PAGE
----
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Co-authored by: Jamie Felzer
What influences college students’ decisions about whether to drink and how much?
Do friends peer pressure them?
Do they do it because they are bored?
Do they drink to relieve depression or anxiety?
Researchers recently tried to answer these questions by surveying college students…
65% of the participants reported having at least one drink in the past three months. It was astonishing that the typical number of drinks in a week was 10.5 and on a weekend was 7.3 average drinks. These numbers included drinkers and nondrinkers and was the average (meaning around half the people had more drinks as those had less). This indicates that college drinking is far more extreme than drinking happening outside of the college setting.
3 main influential factors for someone’s decisions in college drinking and to what extent:
You can tell a lot about a person by watching their friends, so watch who you surround yourself with. Those who think favorably of drinking tend to think they can drink more before reaching intoxication and also tend to hang out with others who do the same. However, these people are the ones that need the most intervention yet are the most difficult to change.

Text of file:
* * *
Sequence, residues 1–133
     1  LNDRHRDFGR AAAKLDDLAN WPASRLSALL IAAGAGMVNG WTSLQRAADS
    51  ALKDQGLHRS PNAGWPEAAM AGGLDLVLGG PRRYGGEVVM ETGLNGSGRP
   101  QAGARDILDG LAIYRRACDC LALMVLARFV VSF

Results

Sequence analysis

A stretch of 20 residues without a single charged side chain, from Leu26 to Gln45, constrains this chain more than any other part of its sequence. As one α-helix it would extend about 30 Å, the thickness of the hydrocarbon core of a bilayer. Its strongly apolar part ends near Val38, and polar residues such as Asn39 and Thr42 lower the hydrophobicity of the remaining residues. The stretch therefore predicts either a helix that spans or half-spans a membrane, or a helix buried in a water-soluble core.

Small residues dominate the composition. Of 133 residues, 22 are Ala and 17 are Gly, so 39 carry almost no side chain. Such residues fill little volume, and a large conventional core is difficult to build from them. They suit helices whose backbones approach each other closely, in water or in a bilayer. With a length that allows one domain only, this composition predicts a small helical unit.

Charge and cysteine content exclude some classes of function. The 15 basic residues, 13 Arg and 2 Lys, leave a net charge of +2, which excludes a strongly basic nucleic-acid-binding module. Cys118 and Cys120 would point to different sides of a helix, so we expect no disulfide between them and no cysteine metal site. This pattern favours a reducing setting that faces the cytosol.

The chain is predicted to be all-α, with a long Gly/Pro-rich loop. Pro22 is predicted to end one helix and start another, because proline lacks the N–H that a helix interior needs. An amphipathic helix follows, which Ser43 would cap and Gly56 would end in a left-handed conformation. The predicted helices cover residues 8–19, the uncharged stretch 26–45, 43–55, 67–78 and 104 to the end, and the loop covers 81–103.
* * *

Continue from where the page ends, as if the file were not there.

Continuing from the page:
Those who socialize with a wide variety of people typically are lighter drinkers and tend to respond better to treatment immediately as well as have fewer problems further down the line. The heavier drinkers benefit more from motivational interventions focusing on their attitudes toward drinking.
Regardless of stereotypes, ethnicity, weight and gender did have an effect on any of these findings. It was peoples’ closest friends that were the most significant factor in influencing all aspects of college drinking.
Examining the Unique Influence of Interpersonal and Intrapersonal Drinking Perceptions on Alcohol Consumption among College Students. Journal of Studies on Alcohol and Drugs. Volume 70, 2, March 2009